Live Reviews: Tarab

Francesco Turrisi (piano), Gabrielle Mirabassi (clarinet), Roman Bunka (oud), Ronan Guilfoyle (bass), Bijan Chemirani (percussion)National Concert Hall, Dublin24 April 2008Two Italians, a German, an Irishman and a Franco-Iranian (or Irano-Frenchman)... Piano,...

Francesco Turrisi (piano), Gabrielle Mirabassi (clarinet), Roman Bunka (oud), Ronan Guilfoyle (bass), Bijan Chemirani (percussion)
National Concert Hall, Dublin
24 April 2008

Two Italians, a German, an Irishman and a Franco-Iranian (or Irano-Frenchman)… Piano, clarinet, oud, bass guitar and percussion… Three cultural institutes and the Improvised Music Company… What should we expect? Jazz with a touch of world? A bit of this, a bit of that? A musical purée? As it happened, we needn’t have worried. Francesco Turrisi’s Tarab knew where they were going. From their base in Italy, they were going to let the Mediterranean breezes blow them East and West, North and South, through Turkey to the Arab world and back. The political map of the Mediterranean would show a large blue sea surrounded by clearly defined, differently coloured political units. But there’s another map that we should keep in mind. For thousands of years the Mediterranean has been a space crossed and recrossed by all kinds of forces: traders, fishermen, pirates, soldiers, scholars, Crusaders, colonists, refugees, adventurers, mystics, misfits – and musicians.

Francesco Turrisi, the leader of Tarab, is quite typical of Italian jazz, both in his interest in melody and in his openness to the folk and popular idioms of his own country and of its neighbours (taking that word in the most generous sense). The version of Tarab that performed in the NCH embodied such openness in its personnel as well as in the treatment of the material.

In his own solos, Turrisi tended to move themes from their folk roots or melodic base into freer territory before wending his way back towards the group. Fellow-Italian Gabrielle Mirabassi stayed closer to the original motif but sent it spinning through endless variations, with delightful command of timing and tone. The German oud player, Roman Bunka, has spent a lot of time working with Egyptian and other musicians, to the point where he seemed to be a Middle Eastern voice rather than a European voice with a Middle Eastern inflection. On bass guitar, Ireland’s Ronan Guilfoyle never sounded like a product of the Mediterranean, but the steady patterns he laid down and his almost plump deep notes had an important role in earthing the group sound, which might otherwise have become too airy. Guilfoyle also entered into productive dialogue with Bijan Chemirani, the young percussionist.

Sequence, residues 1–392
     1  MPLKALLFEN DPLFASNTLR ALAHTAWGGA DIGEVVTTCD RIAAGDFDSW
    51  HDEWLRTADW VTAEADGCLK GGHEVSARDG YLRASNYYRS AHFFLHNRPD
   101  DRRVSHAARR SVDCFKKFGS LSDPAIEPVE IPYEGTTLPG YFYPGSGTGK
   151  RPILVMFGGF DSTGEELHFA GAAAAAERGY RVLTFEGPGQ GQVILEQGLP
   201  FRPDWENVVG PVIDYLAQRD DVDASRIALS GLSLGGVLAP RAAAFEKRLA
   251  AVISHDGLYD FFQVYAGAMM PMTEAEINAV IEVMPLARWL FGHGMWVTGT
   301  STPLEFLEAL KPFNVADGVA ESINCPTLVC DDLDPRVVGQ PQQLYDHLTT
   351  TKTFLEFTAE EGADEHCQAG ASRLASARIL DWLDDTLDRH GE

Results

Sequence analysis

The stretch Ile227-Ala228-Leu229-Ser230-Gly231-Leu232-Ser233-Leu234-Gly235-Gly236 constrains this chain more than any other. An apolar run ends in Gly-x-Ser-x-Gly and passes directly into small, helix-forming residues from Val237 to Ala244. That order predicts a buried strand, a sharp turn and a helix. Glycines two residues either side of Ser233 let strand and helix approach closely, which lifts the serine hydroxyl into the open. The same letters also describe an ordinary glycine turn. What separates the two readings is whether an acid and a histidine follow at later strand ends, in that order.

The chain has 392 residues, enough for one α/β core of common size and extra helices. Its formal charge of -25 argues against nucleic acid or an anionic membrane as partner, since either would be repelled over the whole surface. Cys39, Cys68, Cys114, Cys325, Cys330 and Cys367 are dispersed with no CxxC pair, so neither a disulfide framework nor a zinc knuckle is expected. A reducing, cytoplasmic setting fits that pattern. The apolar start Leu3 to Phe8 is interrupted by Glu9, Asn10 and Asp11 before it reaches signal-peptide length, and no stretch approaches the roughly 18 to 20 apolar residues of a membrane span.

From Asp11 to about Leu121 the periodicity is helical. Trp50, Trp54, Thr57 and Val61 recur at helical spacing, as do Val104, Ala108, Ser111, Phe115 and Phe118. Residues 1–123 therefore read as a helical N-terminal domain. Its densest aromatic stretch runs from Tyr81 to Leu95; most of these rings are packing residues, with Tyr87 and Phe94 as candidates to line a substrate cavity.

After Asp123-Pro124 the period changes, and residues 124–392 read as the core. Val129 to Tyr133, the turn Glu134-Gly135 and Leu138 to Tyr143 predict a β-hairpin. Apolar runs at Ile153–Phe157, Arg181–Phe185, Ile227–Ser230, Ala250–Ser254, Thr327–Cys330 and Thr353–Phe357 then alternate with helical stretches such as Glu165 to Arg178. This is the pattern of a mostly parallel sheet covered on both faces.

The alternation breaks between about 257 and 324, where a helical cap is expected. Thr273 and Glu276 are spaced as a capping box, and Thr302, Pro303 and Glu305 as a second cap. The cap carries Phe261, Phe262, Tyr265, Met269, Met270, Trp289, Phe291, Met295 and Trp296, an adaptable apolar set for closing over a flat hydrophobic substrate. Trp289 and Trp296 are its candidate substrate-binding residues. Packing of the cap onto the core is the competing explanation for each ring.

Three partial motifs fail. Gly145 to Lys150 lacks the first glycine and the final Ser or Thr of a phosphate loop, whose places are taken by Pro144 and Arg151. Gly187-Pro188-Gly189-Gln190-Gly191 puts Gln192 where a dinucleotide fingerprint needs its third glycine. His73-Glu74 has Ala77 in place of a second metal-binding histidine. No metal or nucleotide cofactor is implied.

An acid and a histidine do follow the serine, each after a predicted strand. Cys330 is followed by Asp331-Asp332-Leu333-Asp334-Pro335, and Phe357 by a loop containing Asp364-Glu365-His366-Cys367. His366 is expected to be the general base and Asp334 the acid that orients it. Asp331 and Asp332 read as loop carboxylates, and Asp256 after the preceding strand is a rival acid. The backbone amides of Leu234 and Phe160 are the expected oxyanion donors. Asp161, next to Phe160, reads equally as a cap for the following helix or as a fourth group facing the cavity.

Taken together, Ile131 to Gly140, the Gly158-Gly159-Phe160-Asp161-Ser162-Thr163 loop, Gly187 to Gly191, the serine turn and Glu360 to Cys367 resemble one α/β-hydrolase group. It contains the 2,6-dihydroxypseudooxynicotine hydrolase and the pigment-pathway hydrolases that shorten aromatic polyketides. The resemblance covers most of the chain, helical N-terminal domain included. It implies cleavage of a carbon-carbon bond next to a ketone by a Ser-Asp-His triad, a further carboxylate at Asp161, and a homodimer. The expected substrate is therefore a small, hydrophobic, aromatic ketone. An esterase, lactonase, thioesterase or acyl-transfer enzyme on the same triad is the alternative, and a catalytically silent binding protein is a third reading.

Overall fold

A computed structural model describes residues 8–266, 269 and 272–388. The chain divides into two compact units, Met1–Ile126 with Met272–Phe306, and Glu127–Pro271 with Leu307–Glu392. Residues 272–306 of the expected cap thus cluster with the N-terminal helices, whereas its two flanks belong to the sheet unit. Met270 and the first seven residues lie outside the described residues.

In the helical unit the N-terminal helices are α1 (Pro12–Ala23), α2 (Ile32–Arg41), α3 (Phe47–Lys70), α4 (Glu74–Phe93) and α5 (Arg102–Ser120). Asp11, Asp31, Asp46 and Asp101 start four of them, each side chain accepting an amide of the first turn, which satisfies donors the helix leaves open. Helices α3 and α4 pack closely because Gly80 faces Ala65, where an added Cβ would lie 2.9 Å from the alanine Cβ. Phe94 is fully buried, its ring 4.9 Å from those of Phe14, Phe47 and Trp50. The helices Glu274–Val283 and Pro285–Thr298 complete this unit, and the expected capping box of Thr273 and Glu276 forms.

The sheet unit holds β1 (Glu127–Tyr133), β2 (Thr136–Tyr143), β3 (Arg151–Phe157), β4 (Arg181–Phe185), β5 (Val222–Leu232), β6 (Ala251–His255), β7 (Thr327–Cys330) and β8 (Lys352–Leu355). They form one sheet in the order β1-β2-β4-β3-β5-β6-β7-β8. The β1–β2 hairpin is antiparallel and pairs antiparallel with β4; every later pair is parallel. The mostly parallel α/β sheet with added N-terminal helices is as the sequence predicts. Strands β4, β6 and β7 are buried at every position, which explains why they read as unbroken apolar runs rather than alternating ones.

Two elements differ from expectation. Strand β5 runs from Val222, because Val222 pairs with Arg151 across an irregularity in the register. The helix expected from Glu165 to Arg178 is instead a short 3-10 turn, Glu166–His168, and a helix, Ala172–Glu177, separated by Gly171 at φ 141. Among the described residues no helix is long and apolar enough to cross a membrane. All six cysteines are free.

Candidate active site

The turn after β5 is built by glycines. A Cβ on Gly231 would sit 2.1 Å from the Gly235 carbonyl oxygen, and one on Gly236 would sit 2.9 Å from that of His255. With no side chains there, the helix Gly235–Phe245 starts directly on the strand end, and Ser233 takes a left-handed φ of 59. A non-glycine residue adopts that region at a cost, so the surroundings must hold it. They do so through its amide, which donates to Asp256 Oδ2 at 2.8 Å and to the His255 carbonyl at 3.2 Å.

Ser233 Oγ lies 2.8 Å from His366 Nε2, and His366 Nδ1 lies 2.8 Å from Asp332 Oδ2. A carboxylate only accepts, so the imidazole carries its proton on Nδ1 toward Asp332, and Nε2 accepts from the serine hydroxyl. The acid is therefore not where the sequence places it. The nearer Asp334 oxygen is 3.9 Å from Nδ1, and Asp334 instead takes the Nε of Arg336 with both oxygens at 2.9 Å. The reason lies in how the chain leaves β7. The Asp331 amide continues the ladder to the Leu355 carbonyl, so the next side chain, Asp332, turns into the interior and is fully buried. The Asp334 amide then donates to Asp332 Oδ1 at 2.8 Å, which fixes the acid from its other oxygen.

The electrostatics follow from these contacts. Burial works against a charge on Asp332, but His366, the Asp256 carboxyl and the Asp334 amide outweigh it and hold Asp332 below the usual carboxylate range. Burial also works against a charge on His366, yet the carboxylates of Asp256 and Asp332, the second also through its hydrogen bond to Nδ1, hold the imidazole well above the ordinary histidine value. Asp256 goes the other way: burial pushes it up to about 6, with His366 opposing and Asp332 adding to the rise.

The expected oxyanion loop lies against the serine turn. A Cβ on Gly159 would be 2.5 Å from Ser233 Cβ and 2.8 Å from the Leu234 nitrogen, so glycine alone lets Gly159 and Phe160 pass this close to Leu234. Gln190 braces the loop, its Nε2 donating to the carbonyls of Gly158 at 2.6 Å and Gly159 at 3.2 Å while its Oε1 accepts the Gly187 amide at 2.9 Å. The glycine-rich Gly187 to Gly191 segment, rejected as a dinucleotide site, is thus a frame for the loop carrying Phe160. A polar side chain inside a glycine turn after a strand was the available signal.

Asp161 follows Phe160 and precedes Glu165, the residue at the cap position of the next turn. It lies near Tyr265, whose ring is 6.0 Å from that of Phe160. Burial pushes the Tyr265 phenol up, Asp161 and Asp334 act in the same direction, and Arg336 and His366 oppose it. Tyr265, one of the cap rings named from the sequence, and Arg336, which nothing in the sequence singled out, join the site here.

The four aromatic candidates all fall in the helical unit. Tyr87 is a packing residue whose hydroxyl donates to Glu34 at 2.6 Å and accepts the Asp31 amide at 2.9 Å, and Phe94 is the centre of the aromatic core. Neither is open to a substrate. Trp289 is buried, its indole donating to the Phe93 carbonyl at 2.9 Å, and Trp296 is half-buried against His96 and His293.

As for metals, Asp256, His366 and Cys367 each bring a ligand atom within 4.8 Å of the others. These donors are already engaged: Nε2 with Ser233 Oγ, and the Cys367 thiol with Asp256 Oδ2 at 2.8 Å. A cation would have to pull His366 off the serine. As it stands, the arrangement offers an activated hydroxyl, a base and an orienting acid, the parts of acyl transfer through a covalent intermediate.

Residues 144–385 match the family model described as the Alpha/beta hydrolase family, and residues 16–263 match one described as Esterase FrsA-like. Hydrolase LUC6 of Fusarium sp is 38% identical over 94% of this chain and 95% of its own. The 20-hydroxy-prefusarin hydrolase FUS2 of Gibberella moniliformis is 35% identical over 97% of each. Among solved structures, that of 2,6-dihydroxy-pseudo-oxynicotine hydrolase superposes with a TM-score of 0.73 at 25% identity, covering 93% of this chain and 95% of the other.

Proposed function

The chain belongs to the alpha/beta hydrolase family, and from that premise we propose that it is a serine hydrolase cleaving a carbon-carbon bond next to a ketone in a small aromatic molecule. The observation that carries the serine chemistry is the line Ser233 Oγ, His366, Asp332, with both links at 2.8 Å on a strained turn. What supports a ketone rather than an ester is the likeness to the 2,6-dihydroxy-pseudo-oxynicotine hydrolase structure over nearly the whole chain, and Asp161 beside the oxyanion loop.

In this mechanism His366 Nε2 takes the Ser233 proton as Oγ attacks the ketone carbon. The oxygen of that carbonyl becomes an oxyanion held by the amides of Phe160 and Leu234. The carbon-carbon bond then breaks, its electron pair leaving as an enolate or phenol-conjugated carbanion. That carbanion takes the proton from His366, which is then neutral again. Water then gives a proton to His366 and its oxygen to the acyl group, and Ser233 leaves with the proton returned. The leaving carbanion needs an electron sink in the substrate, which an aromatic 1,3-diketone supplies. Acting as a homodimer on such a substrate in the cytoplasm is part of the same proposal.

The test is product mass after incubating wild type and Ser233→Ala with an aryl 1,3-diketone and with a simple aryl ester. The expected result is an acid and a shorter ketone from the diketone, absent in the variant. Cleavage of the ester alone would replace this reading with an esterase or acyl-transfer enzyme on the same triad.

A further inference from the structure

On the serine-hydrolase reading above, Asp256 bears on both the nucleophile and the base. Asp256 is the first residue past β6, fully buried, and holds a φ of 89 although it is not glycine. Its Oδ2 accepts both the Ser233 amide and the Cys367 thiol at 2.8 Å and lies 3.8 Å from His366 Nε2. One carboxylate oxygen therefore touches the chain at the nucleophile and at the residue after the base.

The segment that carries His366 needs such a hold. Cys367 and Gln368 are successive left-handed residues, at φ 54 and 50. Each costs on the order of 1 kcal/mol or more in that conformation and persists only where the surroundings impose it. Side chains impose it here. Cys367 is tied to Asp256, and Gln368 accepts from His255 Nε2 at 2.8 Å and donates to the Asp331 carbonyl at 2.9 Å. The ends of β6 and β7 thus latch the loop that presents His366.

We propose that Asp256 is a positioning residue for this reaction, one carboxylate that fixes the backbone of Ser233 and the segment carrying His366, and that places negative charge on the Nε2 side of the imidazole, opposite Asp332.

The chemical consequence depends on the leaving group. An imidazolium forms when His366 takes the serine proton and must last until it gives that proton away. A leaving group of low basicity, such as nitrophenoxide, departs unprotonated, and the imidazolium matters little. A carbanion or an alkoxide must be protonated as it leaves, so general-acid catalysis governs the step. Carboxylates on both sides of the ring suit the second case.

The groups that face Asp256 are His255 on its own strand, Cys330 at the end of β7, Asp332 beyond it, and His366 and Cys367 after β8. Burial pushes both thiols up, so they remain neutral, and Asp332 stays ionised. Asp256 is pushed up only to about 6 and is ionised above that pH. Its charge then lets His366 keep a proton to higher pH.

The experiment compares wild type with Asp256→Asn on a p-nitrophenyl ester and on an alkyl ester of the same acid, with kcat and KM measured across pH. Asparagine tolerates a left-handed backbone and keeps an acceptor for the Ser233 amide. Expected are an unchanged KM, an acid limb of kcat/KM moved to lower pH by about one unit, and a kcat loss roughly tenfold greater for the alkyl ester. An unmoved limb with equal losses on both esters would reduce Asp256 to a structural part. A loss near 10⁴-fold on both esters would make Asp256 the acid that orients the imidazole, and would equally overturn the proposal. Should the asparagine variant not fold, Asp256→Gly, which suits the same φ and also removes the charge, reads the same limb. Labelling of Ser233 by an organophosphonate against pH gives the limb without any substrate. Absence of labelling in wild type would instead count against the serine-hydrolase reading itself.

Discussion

In a trio very much led by their father, Bijan Chemirani and his brother played in Mulhouse, France, a couple of years back. Working with the elements of Iranian tradition, the three percussionists collaborated in a demonstration of mutual understanding and almost casual virtuosity on the frame drum. Chemirani was equally at ease here, in a context which showcased his traditional patterning skills but also gave him the freedom to interact in a more individual style with his fellow-players.

In the wrong hands, the breadth of repertoire displayed by Tarab could come across as a rather meaningless cross-cultural anthology, but the group identity was both strong and versatile enough to make this a real journey rather than a collection of holiday snaps. We were led from the classical Arab world to Naples and other regions of Italy, the Lebanon and Turkey, with a Nick Roth-arranged klezmer interlude along the way. The journey was pleasantly unrushed, without the emphasis on mechanical massed climax that makes so much stadium trad – and some free jazz – tedious these days. Turrisi deserves credit for trusting his musicians in this way, starting and finishing in thoughtful mood and varying the pace throughout. Mirabassi could probably blow his own socks off time and again if he wanted to, but he preferred to trace the sinuous (arabesque?) lines of his imagination.

As the encore, ‘Tu Bella’, came to an end, audience and musicians could go their way contented.

Published on 1 July 2008

Barra Ó Séaghdha is a writer on cultural politics, literature and music.

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